Act 345: A viable tool for your community?

Local Michigan governments can utilize this tool to help fund current services.

Local governments around the country, including in Michigan, are finding it challenging to fund current services due to ever-increasing pension and retiree health care costs. However, many Michigan local governments might have a useful tool at their disposal and not even realize it. Not only does it give local governments an alternative funding source to put toward retiree benefits, but it also increases financial transparency.

With recent changes to the law, it is easier to see local units’ pension and retiree health care liabilities. Under the recently passed PA 202 of 2017, the Protecting Local Government Retirement and Benefits Act, local units are required to submit summaries on the status of retirement benefits. Based on those reports, Michigan Department of Treasury must determine the underfunded status of every local unit. Treasury released the Local Unit Retirement System Summary list of local units with underfunded pensions or retiree health care funds. The list consists of local units with a fiscal year ending on June 30, 2017. Other local units have fiscal years ending Sept. 31 or Dec. 30. Once those local units report in, Treasury will release additional lists.

Two indicators are used to determine underfunded status:
  1. Funded ratio
  2. Annual required contribution (ARC) divided by governmental revenue

For retiree health care, if the funded ratio is below 40 percent and the ARC is greater than 12 percent of the local unit’s annual general fund operating revenues, then the local unit will be deemed underfunded.

For pension systems, if the funded ratio is below 60 percent and the ARC is greater than 10 percent of the local unit’s annual general fund operating revenues, then the local unit will be deemed underfunded. A local unit will only be determined as underfunded when it has both triggers. For example, a local unit will not be underfunded if, for the health system, the funded ratio is 30 percent, but the ARC divided by governmental revenue equals 5 percent.

Act 345 of 1937, the Fire Fighters and Police Officers Retirement Act, allows for a retirement plan for police officers and firefighters and also authorizes a funding source. Act 345 is a tool local governments can use to fund retirement costs. To date, 48 local governments have adopted an Act 345 pension system and, under the PA 202 trigger system, only 7 of the 48 Act 345 pension systems were deemed underfunded by Treasury.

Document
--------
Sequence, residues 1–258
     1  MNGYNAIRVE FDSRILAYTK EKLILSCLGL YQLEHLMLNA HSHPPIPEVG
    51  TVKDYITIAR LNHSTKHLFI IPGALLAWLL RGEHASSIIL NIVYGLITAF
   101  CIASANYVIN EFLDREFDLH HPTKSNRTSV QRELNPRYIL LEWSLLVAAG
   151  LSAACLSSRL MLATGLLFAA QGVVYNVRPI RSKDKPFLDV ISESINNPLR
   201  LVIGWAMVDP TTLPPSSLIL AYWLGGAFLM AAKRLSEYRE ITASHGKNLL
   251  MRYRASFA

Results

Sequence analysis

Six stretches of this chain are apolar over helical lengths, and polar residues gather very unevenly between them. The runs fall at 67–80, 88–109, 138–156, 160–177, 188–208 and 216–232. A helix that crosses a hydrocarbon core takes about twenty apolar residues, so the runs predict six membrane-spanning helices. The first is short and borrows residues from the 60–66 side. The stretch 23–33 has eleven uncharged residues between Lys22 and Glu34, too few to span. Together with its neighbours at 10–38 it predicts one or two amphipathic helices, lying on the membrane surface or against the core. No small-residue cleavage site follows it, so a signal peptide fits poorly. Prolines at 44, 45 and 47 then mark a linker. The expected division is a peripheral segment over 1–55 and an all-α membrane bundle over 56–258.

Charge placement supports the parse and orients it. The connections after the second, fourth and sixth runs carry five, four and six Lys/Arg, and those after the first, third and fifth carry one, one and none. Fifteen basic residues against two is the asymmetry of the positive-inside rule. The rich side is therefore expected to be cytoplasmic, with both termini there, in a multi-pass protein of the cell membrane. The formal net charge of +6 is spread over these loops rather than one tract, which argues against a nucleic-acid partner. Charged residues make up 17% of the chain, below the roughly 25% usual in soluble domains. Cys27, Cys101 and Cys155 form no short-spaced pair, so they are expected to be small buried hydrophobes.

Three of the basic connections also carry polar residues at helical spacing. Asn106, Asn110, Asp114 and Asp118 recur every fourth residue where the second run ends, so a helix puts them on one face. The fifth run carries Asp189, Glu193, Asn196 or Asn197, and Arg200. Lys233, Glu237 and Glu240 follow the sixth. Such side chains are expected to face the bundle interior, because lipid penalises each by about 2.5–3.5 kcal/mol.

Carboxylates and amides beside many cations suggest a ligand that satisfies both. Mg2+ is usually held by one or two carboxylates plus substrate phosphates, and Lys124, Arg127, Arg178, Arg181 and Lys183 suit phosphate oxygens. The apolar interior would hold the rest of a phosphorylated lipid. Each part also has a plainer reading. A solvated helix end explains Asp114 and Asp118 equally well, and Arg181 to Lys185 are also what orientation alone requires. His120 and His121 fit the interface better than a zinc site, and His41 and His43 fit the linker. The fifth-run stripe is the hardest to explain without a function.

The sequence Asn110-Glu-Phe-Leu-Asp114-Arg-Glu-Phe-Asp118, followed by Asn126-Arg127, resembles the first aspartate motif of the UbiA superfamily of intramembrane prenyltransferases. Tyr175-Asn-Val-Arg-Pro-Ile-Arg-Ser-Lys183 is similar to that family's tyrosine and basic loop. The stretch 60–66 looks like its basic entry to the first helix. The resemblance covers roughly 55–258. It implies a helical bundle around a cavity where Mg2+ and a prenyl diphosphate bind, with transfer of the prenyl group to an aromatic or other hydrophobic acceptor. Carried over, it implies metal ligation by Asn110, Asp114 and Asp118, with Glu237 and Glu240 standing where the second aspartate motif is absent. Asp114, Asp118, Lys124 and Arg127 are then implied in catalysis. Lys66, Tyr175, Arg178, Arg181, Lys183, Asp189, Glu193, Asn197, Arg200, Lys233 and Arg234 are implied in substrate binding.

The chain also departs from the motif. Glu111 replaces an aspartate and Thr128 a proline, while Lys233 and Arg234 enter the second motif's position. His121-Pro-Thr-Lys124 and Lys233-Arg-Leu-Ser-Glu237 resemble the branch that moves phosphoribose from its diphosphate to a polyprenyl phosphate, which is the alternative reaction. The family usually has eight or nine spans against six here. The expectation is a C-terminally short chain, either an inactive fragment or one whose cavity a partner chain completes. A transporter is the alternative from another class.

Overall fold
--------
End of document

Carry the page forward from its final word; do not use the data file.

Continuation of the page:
Local governments with Act 345 pension systems have already done the hardest part—enacting it. Act 345 pensions must receive a majority vote from the residents of the local government. However, once such a fund is approved, Act 345 authorizes the creation of an Act 345 millage and thus a new funding source to fund police and firefighter pensions. This Act 345 millage has no ceiling and is not restricted by the Headlee Amendment.

Every entity with an Act 345 pension system triggered by PA 202 is levying an Act 345 millage, thereby utilizing Act 345 to help fund their police or firefighter pension system. In light of Treasury’s release of entities triggered by PA 202, it may be beneficial for these entities to look at and evaluate whether they are benefiting as much as possible from Act 345.

Local Government

PA 345 underfunded per PA 202

2016 PA 345 Millage

Ironwood

6.5

Jackson

6.33

Madison Heights

5.8612

Oak Park

6.2017

Redford Township

9.45

Sault Ste Marie

5.2115

Southgate

7.42

 

For any other entities triggered by PA 202, Act 345 is a good tool to keep police and fire pensions funded as the Act allows the entity to create a new funding source for those pensions. By creating a new revenue stream specifically for police and fire pensions, less money has to be diverted from the operating budget. More information regarding Act 345 of 1937, the Firefighter and Police Officer Retirement Act, can be found on the Michigan State University Extension website. The brief includes information on how to establish an Act 345 pension as well as the pros and cons of Act 345.

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